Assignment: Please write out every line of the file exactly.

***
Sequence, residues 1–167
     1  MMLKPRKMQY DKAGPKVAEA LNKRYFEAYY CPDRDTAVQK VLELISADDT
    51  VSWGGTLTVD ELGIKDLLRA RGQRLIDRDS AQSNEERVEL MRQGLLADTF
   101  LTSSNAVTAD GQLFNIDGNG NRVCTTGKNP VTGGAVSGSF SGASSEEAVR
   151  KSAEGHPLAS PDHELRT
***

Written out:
Sequence, residues 1–167
     1  MMLKPRKMQY DKAGPKVAEA LNKRYFEAYY CPDRDTAVQK VLELISADDT
    51  VSWGGTLTVD ELGIKDLLRA RGQRLIDRDS AQSNEERVEL MRQGLLADTF
   101  LTSSNAVTAD GQLFNIDGNG NRVCTTGKNP VTGGAVSGSF SGASSEEAVR
   151  KSAEGHPLAS PDHELRT